We waited for days like today. Reluctant mounds of snow melting. Puddles. Mud. With the first few days of spring, sometimes earlier we knew it would come any day. Bike riding weather. At least a month before we would shine up our bikes, inflate the tires and sometimes add a horn or glittery streamers for the handle bars.
Every kid in the neighborhood had a bike with a banana seat and sissy bar handlebars. Despite urging my mother to conform, I rode my second hand, heavy red bike with fat wide tires. Hand brakes were fashionable, but I had a one speed with a mechanism that activated the brake with a backward stroke of the pedals. The weight of the bike made it difficult to keep up with my friends. It seemed that I worked doubly hard with others who had three speeds- I had one speed: slow. My mother held onto the belief that, “if it's not broken, why replace it.” Quinn’s Bike Shop was near St. Mary’s School and I would start my journey home window shopping. Sometimes I would go in and stroke the gleaming bikes. Then check the price tag.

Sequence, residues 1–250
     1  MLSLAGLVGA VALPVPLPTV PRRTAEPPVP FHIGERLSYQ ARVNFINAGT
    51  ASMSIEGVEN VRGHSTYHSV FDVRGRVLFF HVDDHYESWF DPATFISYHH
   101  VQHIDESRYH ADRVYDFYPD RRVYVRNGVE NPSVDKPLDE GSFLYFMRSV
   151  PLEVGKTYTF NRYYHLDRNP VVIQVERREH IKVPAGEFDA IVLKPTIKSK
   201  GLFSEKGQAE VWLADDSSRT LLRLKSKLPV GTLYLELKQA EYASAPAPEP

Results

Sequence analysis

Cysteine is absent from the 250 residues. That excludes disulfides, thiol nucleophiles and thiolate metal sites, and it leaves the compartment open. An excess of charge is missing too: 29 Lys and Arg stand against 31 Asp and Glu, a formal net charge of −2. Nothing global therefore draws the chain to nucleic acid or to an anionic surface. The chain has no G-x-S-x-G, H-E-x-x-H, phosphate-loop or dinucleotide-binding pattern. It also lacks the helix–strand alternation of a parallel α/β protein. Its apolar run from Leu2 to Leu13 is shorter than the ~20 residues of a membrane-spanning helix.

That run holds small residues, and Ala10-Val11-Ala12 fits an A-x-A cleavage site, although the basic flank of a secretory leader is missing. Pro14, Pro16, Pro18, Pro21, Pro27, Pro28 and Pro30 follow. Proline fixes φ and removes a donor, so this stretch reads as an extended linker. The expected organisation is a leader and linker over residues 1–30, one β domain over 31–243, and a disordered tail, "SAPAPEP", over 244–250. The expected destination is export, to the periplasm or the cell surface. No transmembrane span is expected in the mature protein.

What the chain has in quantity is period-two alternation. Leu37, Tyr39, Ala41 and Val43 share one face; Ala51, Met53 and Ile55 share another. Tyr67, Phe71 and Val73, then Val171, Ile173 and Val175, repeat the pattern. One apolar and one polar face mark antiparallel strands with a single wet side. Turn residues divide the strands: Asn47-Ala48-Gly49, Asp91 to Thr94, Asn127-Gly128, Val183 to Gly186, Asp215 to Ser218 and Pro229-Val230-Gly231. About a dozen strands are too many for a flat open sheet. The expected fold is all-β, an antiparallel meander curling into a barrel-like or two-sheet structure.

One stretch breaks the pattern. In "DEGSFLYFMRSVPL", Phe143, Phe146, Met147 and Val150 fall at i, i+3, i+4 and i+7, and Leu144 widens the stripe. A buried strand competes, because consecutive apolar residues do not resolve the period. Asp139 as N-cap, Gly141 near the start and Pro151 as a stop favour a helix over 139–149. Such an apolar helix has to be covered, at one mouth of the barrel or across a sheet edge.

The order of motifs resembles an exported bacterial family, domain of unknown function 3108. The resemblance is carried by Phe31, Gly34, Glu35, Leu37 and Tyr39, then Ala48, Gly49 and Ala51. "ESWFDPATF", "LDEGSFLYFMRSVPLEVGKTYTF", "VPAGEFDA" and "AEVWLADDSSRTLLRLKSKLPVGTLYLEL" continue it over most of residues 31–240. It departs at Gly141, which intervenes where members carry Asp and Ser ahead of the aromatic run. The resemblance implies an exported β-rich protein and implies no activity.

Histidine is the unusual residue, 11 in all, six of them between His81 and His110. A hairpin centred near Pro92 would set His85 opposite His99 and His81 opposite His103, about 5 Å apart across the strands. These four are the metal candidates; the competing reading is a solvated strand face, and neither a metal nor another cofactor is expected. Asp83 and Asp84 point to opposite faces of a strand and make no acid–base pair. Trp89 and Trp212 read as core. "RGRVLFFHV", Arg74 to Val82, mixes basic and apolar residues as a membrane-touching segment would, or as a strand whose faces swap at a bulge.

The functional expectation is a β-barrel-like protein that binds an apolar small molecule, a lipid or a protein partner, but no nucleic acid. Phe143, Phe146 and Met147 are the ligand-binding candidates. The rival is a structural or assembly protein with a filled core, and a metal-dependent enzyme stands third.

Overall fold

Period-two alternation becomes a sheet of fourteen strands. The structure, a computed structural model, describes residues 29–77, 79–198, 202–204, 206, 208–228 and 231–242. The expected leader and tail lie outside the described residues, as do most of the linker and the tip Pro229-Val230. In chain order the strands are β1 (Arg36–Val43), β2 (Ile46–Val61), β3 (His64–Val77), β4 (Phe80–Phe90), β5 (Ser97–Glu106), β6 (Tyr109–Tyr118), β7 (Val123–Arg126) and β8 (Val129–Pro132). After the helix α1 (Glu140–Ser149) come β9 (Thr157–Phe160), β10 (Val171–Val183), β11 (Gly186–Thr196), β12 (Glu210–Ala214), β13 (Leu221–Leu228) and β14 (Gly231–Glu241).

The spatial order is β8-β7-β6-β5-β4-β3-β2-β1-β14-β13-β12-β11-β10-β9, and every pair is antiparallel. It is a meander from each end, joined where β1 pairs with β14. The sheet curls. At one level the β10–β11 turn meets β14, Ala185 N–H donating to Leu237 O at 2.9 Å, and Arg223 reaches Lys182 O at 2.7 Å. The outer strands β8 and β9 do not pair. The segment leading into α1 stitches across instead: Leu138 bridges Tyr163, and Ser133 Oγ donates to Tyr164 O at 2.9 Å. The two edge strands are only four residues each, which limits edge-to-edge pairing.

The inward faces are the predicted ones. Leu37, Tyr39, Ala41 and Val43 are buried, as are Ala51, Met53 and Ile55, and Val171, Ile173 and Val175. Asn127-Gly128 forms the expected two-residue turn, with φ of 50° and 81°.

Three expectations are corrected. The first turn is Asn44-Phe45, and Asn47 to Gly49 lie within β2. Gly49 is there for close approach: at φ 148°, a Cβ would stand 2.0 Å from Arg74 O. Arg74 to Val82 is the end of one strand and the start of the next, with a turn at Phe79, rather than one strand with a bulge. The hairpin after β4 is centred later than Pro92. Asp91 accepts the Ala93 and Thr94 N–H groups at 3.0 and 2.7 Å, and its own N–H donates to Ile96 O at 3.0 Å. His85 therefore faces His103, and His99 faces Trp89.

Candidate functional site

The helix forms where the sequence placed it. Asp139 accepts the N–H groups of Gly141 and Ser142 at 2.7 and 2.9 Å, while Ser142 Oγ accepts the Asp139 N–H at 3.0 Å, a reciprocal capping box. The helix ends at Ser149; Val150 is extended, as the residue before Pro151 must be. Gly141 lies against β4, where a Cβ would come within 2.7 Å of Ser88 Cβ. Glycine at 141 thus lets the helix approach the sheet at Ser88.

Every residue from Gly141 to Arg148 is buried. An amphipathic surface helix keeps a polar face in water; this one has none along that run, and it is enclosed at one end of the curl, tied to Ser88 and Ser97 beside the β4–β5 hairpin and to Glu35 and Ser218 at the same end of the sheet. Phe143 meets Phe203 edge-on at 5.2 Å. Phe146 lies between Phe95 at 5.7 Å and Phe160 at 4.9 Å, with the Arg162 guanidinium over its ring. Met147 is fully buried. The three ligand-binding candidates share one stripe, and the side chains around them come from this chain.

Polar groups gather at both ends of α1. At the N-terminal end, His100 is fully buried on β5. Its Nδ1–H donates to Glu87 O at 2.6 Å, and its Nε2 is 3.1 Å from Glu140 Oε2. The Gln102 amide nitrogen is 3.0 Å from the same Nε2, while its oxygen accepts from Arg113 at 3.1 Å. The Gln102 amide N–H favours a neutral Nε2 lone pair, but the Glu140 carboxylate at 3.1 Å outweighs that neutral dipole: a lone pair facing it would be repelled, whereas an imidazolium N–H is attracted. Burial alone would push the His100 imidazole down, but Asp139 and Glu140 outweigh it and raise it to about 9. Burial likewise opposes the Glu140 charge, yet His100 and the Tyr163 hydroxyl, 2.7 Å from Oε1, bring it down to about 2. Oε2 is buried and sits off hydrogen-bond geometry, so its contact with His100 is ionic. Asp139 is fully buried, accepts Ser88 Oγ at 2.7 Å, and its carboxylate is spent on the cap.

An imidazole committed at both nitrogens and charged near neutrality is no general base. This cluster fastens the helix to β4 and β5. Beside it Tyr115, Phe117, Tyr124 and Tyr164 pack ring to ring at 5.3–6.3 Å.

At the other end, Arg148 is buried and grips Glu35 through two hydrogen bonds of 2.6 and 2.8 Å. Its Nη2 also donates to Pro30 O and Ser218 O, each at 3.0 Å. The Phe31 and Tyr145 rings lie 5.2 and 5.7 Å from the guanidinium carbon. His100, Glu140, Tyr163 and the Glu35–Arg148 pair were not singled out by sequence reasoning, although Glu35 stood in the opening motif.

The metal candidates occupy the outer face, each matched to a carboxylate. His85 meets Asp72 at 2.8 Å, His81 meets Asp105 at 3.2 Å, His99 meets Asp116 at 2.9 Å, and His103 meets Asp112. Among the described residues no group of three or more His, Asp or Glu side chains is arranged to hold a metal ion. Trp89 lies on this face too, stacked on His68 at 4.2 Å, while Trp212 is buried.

When I was in 6th or 7th grade, I saved babysitting money I earned to buy myself a three-speed blue bike from Sears. That bike frequently took me to the beach 15 or so miles away. The hours it took to get there and back required short liberated visits, a quick walk on the beach followed by a picnic lunch. It was nearly an all day excursion. I went alone, frequently trying a different route and discovered that all roads have their share of hills.
On days like this-sunny with the earth thawing I think of the thrill of those first bike rides. Soon the carriage roads, now soft with whispers of winter will be ready for riders. I sure could use my rugged, red bike with wide tires.